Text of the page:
Rye Board of Education to Research High School’s Phone Policy

The Rye Board of Education recently announced that it will be taking a “deep dive” into the research on student cell phone usage.

exterior of rye high school
File photo/Christian Falcone
Published June 28, 2024 9:29 AM
2 min read


Phone use is not permitted in the classroom at Rye High School and students should limit their phone activity to the cafeteria or outside the building, according to the school’s Student-Parent Handbook.

But the reality is that phones are in use all day long. And as the 2023-2024 academic year comes to an end, community concerns regarding cell phone usage in and out of the classroom are on the rise.

“Although it seems like there is no formal cell phone policy,” said Matthew Teitsch, a Rye High School physics teacher, “there actually is.”

Cell phone may be used in the classroom with permission from the teacher. When not in use, a student’s phone must be turned off or silent during the school day. Furthermore, RHS’s Code of Conduct prohibits disruptive use of technology, or “the display or use of electronic devices.” Those who fail to do so face confiscation of their device until the final bell of the day, but that’s rarely enforced.

While Teitsch favors the policy, he said enforcement is an issue. “I would like to see the district, meaning administrators, teachers and security, enforce the policy as written. In the absence of that, the policy should be removed or updated,” he said.

But not everyone agrees.

“I believe students should only be penalized for phone use if their actions disrupt the class,” said Sophia Sciulli, a 2024 RHS graduate. “If a student chooses to use their phone quietly during a lesson and isn’t disrupting other students (or the teacher) they should have the autonomy to go on their device. If they don’t pay attention and come to class the next day confused, that’s on them… not the teachers.”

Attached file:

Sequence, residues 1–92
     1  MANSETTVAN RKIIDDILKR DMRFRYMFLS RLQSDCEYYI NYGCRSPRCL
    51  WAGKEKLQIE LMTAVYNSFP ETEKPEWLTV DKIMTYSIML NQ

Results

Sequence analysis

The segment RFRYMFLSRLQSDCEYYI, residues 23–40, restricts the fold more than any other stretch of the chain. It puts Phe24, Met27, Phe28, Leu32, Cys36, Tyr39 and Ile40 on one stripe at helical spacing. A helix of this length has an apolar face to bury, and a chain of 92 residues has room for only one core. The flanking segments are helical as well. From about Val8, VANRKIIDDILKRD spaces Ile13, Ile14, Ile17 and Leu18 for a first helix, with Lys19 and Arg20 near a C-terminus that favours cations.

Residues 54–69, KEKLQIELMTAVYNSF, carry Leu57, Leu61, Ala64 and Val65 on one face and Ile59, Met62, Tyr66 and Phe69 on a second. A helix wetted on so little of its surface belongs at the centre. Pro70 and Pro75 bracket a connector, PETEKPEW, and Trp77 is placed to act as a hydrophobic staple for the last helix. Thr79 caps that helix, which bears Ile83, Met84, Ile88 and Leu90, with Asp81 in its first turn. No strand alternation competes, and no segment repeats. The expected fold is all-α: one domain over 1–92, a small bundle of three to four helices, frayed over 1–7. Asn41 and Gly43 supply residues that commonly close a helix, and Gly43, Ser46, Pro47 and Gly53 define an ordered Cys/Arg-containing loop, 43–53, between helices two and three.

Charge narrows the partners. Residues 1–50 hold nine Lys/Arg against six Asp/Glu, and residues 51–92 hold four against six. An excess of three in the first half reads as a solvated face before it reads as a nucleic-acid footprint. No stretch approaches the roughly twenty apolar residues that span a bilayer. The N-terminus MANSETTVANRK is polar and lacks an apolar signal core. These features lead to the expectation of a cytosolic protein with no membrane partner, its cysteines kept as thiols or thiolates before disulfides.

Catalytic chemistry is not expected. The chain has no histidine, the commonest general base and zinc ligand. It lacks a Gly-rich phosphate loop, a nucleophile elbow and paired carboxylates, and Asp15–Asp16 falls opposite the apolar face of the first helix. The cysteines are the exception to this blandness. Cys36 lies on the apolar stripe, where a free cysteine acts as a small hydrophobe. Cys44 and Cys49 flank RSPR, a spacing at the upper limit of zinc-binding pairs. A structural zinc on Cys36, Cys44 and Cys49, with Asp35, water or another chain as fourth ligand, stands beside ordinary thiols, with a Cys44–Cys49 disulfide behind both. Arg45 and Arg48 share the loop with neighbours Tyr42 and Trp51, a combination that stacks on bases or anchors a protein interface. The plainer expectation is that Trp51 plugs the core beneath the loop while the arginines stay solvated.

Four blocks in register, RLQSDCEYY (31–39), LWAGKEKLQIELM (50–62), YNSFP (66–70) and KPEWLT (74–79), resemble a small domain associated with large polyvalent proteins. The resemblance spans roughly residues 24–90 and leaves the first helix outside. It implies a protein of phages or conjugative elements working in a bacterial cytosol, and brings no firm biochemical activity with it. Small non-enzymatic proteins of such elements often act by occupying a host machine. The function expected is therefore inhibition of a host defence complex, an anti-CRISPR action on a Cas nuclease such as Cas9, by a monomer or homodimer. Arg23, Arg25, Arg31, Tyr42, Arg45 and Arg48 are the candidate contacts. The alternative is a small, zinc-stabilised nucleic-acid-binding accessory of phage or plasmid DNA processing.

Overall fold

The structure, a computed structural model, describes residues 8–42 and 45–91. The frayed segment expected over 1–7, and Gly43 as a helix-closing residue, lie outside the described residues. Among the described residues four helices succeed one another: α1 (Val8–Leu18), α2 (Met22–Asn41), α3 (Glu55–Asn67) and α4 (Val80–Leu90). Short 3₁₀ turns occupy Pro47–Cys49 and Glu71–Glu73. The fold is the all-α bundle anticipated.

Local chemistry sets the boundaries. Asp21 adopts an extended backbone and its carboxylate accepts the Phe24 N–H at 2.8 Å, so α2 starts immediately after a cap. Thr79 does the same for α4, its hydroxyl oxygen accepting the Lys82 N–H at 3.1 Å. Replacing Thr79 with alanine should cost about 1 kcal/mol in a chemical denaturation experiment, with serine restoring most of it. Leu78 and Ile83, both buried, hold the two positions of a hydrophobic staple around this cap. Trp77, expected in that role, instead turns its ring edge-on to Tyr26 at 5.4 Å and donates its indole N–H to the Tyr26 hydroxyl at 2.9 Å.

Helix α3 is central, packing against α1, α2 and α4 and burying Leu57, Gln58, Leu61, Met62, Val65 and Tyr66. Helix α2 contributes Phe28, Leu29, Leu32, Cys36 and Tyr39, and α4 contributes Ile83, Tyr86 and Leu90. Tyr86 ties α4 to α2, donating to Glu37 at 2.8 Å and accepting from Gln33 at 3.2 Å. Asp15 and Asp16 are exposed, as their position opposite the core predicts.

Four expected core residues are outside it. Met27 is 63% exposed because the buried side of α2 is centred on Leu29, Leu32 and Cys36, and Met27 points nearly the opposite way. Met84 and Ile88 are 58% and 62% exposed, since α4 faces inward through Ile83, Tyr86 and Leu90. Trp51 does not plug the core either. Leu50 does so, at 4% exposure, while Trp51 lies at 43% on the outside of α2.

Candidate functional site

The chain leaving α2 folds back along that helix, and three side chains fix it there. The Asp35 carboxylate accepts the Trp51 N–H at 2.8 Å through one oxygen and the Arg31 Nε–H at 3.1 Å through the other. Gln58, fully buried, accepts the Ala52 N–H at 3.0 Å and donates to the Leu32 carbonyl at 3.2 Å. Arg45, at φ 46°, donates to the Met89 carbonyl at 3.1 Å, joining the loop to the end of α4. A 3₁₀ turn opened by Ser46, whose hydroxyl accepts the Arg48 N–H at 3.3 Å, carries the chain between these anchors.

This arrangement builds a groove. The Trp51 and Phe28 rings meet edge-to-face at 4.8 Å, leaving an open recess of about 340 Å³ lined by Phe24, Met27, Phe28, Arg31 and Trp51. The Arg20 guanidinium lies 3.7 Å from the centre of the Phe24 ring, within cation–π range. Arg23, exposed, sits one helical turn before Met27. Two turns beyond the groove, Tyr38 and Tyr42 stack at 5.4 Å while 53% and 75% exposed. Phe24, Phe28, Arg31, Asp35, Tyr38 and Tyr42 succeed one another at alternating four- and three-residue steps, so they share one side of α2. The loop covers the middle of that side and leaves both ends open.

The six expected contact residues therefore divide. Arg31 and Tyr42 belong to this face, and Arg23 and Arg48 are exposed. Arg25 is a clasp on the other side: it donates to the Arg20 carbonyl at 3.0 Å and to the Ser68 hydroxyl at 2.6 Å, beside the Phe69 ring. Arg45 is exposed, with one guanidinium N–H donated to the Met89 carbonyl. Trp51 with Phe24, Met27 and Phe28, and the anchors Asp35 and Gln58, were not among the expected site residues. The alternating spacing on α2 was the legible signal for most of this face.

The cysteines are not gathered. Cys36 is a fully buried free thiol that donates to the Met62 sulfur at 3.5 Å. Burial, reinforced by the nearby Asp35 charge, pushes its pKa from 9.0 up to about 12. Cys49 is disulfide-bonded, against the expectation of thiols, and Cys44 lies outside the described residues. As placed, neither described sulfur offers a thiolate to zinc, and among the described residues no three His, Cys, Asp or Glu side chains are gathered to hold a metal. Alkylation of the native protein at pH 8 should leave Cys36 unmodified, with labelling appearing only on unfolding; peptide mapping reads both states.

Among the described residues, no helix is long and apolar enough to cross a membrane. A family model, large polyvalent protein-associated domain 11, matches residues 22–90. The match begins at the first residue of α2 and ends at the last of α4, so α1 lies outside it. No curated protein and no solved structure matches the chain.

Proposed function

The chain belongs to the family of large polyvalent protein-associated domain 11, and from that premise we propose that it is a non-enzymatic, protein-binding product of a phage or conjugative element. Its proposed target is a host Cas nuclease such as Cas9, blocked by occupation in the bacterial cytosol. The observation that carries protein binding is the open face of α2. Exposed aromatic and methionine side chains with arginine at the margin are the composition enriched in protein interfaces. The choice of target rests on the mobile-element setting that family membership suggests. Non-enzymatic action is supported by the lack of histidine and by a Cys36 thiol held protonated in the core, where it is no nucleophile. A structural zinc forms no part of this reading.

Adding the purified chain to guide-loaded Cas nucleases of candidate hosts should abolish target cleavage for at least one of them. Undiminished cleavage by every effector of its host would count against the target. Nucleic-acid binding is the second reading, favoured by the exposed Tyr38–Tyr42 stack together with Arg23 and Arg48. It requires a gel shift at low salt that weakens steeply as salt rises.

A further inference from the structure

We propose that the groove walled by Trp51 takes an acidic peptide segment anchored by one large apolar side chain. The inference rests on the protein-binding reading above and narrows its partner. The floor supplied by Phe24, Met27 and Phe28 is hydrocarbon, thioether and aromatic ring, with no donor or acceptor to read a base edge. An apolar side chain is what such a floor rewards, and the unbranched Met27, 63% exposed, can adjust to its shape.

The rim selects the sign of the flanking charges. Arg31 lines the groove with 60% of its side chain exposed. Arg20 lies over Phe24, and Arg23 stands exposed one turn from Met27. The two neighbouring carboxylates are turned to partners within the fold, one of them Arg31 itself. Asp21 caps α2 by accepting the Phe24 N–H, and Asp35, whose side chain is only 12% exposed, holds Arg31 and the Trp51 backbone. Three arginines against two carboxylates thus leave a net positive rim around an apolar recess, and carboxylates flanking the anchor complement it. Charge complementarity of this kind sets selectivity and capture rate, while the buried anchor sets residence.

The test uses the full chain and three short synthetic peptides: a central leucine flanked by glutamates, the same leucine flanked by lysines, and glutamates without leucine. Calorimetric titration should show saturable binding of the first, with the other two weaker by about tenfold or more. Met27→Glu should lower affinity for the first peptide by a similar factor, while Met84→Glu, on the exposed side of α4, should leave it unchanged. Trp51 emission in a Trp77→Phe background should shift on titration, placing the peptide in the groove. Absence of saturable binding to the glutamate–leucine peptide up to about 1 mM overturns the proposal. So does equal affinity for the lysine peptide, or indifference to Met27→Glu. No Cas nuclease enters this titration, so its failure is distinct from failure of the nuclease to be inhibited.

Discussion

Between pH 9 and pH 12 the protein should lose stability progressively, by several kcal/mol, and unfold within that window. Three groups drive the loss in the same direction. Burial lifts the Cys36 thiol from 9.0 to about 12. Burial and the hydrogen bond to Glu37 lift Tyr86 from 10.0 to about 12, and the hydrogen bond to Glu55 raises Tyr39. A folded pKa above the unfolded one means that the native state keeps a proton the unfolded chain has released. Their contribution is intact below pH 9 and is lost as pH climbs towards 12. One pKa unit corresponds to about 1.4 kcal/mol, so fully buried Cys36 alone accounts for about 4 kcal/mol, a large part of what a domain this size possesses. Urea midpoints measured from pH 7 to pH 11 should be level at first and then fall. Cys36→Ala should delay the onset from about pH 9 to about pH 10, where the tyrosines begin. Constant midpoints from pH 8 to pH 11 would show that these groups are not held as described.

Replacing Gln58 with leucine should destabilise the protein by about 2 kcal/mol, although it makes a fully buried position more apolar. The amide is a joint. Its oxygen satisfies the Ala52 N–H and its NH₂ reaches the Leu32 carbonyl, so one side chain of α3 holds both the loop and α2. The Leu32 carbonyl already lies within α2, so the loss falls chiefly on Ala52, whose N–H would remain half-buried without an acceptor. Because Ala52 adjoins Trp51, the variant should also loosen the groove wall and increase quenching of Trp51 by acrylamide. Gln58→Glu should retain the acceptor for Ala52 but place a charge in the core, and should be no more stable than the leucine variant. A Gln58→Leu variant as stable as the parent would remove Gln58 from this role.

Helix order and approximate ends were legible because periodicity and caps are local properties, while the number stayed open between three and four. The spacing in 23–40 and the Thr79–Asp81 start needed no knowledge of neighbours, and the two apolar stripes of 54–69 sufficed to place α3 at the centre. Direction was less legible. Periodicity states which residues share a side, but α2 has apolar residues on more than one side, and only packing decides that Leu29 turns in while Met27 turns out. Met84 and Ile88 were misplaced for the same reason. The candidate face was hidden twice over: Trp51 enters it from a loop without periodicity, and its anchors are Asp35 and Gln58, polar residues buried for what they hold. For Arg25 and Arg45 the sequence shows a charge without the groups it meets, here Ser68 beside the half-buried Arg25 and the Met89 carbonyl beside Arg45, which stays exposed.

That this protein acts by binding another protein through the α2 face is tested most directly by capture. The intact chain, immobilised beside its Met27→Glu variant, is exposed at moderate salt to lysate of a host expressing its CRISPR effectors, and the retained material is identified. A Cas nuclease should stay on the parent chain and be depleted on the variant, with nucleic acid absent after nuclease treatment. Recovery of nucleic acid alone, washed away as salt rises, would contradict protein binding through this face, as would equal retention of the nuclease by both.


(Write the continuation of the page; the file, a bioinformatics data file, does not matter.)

Compared to neighboring high schools, Rye’s phone policies leave more to the imagination. While both RHS and Rye Neck detail the consequences of disruptive behaviors, including confiscation of the device, Rye Neck’s Student Handbook includes a definition of those behaviors: “Videotaping or recording of any individuals without their consent is strictly prohibited and may result in disciplinary consequences,” according to the handbook.

Rye Country Day School has a designated Technology Committee and has adopted the International Society for Technology in Education Standards, which acknowledge technological advancements and set guidelines for digital citizenship and students’ digital footprints.

The Rye Board of Education recently announced that it will be taking a “deep dive” into the research on student cell phone usage and expects to conduct “community conversations” on the topic throughout the fall. Rye City Schools Superintendent Eric Byrne said changes to the phone policy should be made with the community’s sentiment in mind.

“Families need to be a part of the conversation, and if there’s any change, they need to be a part of any changes that are coming,” Byrne said. “The reality is [that] if a child has completely unrestricted [access to a] cell phone, it’s very difficult to navigate that and manage that in school alone. So, we will be beginning some larger conversations with the community.”

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